Corky Carroll

Oh, the stories we could tell of surfboard fins.

A few days ago I got an email asking me when they first started putting fins on surfboards and who was the first person to do that. So I thought it would be fun to take a little look at the evolution of the surfboard fin and its configuration changes through the years.

There are some that hold to the belief that the fin was invented in Finland, by a Fin, and that is how it got its name. Then are those who do not call the fin a fin. They refer to it as a "skag." That group insists that the first dude to put a skag on a board was a surfing Eskimo from Skagway, Alaska.

While both theories are very interesting, and I hate to disagree with any kind of urban legend or myth, they are both wrong. First off I don't think they had ever heard of surfing in Finland at the time when the first fin was put on a surfboard. Secondly, when referring to the fin as a "skag," it is actually "skeg."

I know that because I always related to that as "kegs" with the "s" stuck on the front. A "skag" is something totally different that I will be polite enough to not get into here and now. Of course if you are asking when the first "Fin" was put on a surfboard, meaning a dude from Finland, then that is a totally different question. But that is not the subject we are looking into today.

O.K., all joking aside, maybe. The very first person to put a fin, or skeg, on a surfboard was Tom Blake around 1935. At that time the boards were huge and weighed a ton or two. They were made of solid redwood or combinations of redwood and other woods, all of which were heavy. The state of the art of surfing was pretty much going straight, as it was near to impossible to do too much turning on these monster planks.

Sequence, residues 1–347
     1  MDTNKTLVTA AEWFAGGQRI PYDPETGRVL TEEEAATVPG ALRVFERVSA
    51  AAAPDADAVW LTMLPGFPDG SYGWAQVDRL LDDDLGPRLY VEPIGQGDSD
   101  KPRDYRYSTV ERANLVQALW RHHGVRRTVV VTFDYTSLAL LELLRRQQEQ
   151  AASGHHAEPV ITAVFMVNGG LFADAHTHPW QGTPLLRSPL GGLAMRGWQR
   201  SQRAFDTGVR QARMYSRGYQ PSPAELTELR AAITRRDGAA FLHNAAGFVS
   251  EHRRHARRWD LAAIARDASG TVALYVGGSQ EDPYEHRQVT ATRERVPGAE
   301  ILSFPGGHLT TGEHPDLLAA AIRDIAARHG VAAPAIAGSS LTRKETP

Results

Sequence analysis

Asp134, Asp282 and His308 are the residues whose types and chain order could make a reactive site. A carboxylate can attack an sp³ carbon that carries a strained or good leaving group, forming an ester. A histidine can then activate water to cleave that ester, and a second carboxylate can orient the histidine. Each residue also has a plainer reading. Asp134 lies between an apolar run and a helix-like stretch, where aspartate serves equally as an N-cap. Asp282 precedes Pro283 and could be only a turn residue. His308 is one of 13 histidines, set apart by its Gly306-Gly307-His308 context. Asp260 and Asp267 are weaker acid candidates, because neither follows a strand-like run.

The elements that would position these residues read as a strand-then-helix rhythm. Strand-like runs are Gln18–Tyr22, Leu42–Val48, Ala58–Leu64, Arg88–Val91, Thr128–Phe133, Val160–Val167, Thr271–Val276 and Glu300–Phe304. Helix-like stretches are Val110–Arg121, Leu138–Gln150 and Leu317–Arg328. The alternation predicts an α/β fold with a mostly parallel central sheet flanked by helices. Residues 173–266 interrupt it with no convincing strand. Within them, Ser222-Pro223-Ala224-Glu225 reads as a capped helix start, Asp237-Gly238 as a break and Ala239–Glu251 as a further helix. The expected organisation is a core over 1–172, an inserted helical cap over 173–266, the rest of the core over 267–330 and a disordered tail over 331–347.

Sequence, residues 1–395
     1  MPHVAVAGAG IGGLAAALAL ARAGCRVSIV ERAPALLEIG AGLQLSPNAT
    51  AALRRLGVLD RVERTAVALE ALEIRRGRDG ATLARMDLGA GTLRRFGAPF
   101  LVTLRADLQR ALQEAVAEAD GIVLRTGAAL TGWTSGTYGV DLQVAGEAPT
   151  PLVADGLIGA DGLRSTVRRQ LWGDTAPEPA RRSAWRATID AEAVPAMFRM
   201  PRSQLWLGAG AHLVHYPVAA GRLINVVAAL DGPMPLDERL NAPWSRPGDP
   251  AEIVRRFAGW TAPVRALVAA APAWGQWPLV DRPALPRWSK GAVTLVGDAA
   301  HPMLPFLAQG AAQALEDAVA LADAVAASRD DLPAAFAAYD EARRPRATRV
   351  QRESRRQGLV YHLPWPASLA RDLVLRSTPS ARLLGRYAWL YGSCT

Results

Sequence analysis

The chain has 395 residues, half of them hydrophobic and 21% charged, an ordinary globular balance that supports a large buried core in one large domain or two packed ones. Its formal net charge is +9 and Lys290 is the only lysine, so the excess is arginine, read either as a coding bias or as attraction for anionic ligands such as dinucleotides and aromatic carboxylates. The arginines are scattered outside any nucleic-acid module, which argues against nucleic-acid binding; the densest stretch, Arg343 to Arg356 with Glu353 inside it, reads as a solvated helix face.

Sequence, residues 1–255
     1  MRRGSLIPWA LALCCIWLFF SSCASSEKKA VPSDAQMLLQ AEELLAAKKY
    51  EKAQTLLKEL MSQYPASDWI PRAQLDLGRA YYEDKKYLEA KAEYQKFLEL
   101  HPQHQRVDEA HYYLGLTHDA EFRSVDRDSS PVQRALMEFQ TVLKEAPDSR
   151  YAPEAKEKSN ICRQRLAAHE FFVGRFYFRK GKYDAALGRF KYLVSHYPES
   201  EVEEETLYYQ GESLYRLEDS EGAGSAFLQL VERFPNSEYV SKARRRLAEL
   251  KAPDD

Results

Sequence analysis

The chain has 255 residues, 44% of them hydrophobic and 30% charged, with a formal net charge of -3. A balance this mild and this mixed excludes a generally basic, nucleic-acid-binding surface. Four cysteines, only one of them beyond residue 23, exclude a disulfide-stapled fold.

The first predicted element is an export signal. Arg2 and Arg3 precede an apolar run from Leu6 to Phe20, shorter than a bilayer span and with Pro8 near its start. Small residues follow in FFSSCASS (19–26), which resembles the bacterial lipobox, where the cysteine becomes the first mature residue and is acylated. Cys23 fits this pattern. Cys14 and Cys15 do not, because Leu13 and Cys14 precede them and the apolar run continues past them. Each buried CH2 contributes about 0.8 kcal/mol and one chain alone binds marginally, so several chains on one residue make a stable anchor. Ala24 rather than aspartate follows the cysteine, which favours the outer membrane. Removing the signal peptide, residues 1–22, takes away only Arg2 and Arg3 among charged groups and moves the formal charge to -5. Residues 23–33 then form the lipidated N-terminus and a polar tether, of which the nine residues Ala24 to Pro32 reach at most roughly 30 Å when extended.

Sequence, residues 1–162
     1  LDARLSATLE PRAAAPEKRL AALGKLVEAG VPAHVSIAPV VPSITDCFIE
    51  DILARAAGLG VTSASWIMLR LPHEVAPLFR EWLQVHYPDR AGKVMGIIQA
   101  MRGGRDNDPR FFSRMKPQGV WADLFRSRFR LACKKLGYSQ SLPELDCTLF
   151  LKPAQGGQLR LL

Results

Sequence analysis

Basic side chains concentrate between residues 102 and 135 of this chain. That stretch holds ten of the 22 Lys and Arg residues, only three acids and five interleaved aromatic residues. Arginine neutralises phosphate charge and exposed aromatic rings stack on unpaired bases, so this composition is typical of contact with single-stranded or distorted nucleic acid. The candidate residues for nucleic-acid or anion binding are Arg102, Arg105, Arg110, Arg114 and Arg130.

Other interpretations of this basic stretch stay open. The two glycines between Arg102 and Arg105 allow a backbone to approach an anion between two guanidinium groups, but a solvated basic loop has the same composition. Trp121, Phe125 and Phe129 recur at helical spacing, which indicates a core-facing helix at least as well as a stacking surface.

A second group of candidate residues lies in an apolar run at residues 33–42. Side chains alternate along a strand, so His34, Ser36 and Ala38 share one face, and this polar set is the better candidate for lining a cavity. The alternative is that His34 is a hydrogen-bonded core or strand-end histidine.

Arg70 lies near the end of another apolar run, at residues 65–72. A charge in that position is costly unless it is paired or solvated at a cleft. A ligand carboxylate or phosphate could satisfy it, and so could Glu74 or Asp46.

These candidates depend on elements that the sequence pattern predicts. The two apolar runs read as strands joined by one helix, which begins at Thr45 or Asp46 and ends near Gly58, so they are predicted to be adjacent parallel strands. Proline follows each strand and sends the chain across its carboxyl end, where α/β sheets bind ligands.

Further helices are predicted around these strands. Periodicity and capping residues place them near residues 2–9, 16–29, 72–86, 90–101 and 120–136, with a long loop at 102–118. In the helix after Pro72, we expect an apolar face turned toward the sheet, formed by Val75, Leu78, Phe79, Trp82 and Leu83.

If the fin made a whole lot of difference on one of those boards it wasn't apparent, as they really did not catch on until much later. It was after World War II when boards started getting smaller and lighter that the fin became popular. With the advent of the balsawood and fiberglass surfboard the fin came into its own.

What the fin actually does is to keep the board going in one direction or another without "spinning out," or sliding sideways. With the new lightweight balsa boards and the addition of the fin the art of "hotdogging" was born. People could make hard turns and could "walk the nose" successfully.

At first there wasn't a whole lot of science involved in the surfboard fin. I think they just tried to copy a fish fin or something. One dude would prefer the "shark" while another tended to like the "tuna" shape fin. The Skagway dudes adopted the "salmon" fin.

In the 1960's the shape, rake, and foil of the fins became more and more important as the boards got lighter and smaller. Some of the designs were for function and some just for the look of it. For instance there was the "Dewey Weber Hatchet Fin." It looked just like a hatchet. There was absolutely, as far as I could tell anyway, no great advantage or function to that shape of fin other than to make the board look different than others.

Although I will admit that those fins made great "fish choppers." You could chop up a perch with one of those puppies in minutes.

Multi-fin surfboards did not gain popularity until 1970 with the release of the "twin-fin" design by both myself for Hobie Surfboards and Mike Eaton at Bing Surfboards. The first two-fin board I tried was made by Phil Edwards in the mid sixties. It was a small and wide shape that he made for his wife at the time. He put two small fins on the rails, which would have worked fine if he had not canted them in the wrong direction, which resulted in the board totally NOT working at all.

In 1967 I tried putting three fins on one of my "mini-models." The problem was that these were all big fins and three of them made the tail weigh about an extra ten pounds and created a ton of drag. Almost, but not yet.

The first twin fins were a breakthrough in not only fin technology but also surfboard design. The twin fin led to what is called the "fish" shape and is still in use today. Actually I am riding the exact same twin fin shape today as I did in 1970, only a bit bigger. The twin fin also led to the first "tri-fin" designs maybe within a year or so after the twins. The original tri fin boards had a large, normal-sized, fin in the center with two small fins on the rails.

Later in the 1970's a dude named Simon Anderson developed the design called the "thruster." That is pretty much still the main fin configuration on short boards, and some longboards, today. There are now quads and all sorts of other interesting ways to do the fins too. The fin design is just as important as all of the other facets of the modern surfboard.